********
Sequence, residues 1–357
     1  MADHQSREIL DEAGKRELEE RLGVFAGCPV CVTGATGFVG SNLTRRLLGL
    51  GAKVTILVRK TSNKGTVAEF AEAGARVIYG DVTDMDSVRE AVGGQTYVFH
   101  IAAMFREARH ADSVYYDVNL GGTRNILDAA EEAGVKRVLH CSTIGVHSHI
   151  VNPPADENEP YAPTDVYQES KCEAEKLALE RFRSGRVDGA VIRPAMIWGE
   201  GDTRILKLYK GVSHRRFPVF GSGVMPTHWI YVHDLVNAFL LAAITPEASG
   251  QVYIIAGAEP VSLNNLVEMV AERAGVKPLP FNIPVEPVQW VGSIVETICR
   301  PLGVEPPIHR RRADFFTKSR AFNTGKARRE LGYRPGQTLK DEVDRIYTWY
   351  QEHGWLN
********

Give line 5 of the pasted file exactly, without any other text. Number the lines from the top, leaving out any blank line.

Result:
   151  VNPPADENEP YAPTDVYQES KCEAEKLALE RFRSGRVDGA VIRPAMIWGE